Tuesday, 29 May 2012

The Green Shoots of Recovery

This is an oft-used, or should I say over-used phrase, beloved by practitioners of that most dismal of sciences, economics.  I'm not actually referring to double dip recessions, stagflation or GDP in this instance. When I say green shoots and recovery, I mean just that. These are the newly emerging growths from one of the mauka plants I left unharvested last autumn. I could claim that this was a deliberate exploration of their ability to survive in situ, but that would be a deep tissue massaging of the facts worthy of any economist. No, I simply failed to harvest them when I had the opportunity and have been regretting it ever since.  Usually this kind of laxity ends in disaster - but not this time.  I have been scratching away at the stumps where their luxuriant growth used to be and it turns out that the cold snap we had in late winter hasn't killed them like I expected it to.  Or not all of them - the jury is still out on some of last year's seedlings, which turned this little patch of Cornwall into a secondary centre of mauka diversity of Vavilovian proportions. Maybe.  The plant shown above was looking more impressive the previous day.  The pigeons then saw fit to defoliate it, which rather reduced the dramatic effect I had been hoping for.

It's been a typically atypical spring, with unusually warm weather in March followed by unusually heavy April rains and a particularly chilly May, with a frost just last week.  Now the weather has suddenly turned hot.  Whether this is all part of the instability some claim will be the precursor to serious climate change or just another one of those periodic perturbations in the Jet Stream's trajectory, I'm not sure.  It doesn't make gardening any easier though.

Plants that can put up with this sort of thing are however, very welcome, which is one of the reasons why I am exploring the untapped potential in these root crops.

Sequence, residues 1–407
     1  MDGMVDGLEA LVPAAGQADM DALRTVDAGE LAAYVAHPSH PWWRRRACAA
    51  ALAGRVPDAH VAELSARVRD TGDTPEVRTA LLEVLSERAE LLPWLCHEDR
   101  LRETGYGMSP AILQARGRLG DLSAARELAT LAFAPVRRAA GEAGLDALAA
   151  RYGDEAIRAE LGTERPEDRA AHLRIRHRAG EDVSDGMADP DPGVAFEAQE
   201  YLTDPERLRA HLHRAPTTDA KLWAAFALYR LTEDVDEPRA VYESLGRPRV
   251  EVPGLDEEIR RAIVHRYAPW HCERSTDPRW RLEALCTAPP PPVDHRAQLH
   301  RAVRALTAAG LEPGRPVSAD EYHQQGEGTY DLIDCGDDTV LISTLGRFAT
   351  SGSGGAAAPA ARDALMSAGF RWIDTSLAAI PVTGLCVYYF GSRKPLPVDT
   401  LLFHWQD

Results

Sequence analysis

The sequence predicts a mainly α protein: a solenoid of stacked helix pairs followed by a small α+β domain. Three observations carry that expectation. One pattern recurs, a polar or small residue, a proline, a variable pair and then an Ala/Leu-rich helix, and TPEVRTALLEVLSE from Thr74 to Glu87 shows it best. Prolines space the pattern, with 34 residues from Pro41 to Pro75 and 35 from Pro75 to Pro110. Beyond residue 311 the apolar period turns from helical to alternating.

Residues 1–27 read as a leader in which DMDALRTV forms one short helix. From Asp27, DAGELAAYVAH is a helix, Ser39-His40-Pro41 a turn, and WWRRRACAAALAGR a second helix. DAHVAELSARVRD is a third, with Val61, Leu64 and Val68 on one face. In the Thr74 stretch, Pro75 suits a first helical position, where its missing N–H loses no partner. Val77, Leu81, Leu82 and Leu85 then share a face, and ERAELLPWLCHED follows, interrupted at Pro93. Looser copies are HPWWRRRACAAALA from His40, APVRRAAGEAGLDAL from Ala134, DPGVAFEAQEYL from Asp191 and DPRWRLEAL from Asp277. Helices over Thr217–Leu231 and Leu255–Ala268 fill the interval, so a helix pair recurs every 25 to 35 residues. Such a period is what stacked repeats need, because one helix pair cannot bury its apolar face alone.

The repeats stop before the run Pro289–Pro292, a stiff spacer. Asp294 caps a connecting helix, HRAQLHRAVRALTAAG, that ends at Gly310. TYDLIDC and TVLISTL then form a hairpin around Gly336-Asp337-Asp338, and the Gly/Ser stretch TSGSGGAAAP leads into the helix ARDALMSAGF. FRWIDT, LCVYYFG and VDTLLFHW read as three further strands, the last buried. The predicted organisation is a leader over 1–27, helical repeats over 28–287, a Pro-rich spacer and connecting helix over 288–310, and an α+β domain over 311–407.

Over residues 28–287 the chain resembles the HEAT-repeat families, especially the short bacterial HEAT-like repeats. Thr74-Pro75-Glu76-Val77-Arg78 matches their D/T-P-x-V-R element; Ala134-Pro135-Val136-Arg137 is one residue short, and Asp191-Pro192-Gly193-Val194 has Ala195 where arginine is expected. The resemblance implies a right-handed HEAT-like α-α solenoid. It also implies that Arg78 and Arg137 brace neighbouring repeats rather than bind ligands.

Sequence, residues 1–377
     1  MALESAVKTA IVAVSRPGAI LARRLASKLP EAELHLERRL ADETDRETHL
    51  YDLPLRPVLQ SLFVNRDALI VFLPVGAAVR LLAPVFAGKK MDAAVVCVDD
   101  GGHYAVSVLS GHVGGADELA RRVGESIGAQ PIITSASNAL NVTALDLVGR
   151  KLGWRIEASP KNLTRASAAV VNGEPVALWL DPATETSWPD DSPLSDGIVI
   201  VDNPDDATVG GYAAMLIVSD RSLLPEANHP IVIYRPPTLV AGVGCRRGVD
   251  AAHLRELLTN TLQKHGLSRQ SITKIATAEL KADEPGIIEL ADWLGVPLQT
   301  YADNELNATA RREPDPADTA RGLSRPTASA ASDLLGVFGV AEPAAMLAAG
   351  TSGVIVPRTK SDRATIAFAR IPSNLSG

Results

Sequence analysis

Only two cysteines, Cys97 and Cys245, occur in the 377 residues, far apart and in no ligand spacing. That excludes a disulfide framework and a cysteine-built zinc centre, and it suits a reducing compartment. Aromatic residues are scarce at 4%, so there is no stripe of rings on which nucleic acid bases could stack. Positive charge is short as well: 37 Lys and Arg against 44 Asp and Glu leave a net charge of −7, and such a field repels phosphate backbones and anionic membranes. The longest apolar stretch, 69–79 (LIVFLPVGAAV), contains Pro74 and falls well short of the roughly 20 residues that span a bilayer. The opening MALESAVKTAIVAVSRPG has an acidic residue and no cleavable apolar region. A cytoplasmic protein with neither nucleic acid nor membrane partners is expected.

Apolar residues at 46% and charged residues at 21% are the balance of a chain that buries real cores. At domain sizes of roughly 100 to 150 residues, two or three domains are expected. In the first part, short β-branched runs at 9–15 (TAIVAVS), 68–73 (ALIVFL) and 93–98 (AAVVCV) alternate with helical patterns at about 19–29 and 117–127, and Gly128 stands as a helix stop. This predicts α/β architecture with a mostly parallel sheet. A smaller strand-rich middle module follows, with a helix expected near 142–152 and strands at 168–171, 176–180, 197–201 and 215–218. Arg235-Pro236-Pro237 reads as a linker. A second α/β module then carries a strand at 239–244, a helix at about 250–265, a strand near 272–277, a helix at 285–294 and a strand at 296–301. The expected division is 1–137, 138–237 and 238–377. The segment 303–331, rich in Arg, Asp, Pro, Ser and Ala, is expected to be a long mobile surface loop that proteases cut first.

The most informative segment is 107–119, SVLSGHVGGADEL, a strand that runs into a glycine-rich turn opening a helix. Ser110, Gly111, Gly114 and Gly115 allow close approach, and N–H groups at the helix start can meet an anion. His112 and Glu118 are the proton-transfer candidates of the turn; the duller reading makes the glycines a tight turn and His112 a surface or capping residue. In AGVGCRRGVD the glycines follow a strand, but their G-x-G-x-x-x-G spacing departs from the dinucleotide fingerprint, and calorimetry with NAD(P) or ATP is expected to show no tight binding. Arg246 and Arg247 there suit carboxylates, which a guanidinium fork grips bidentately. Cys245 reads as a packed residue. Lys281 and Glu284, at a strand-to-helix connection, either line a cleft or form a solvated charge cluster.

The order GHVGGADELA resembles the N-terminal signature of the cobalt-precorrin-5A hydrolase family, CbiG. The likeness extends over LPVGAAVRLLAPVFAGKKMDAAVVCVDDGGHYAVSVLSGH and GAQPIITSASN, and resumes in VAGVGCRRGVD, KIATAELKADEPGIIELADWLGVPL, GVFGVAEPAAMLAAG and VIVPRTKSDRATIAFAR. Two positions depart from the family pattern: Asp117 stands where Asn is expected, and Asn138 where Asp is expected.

Unlike the ocas, which proved to be a real hit with the resident vole population last year, the maukas seem to have resisted rodent attack. There are clear signs of their bolt holes  emerging from the centres of the plants, but I see no evidence of gnawing.  Mauka is known to contain ribosome inactivating proteins which  have both anti-feedant and pathogen suppressing properties. Perhaps the voles recognised this and eschewed rather than chewed for a change.  Frank van Keirsbilck tells me that he lost some of his plants to rodents this winter, so this hypothesis is, at best, open to further testing.

I also failed to lift my yacons when I should have done and have been fearing the worst ever since.  I now see some new growth appearing at the base of a couple of the varieties, so it may be that, for once, I've been spared the consequences of my inactions.  Just like those as-yet unharvested yacon tubers, life is sweet sometimes.


Somewhat greener than the mauka shoots, this is one of last year's self-sown oca seedlings which escaped the voles and is poking its head up defiantly.

And this is, of course, a taleteer coming up in the potato bed.  Bean there, done that.








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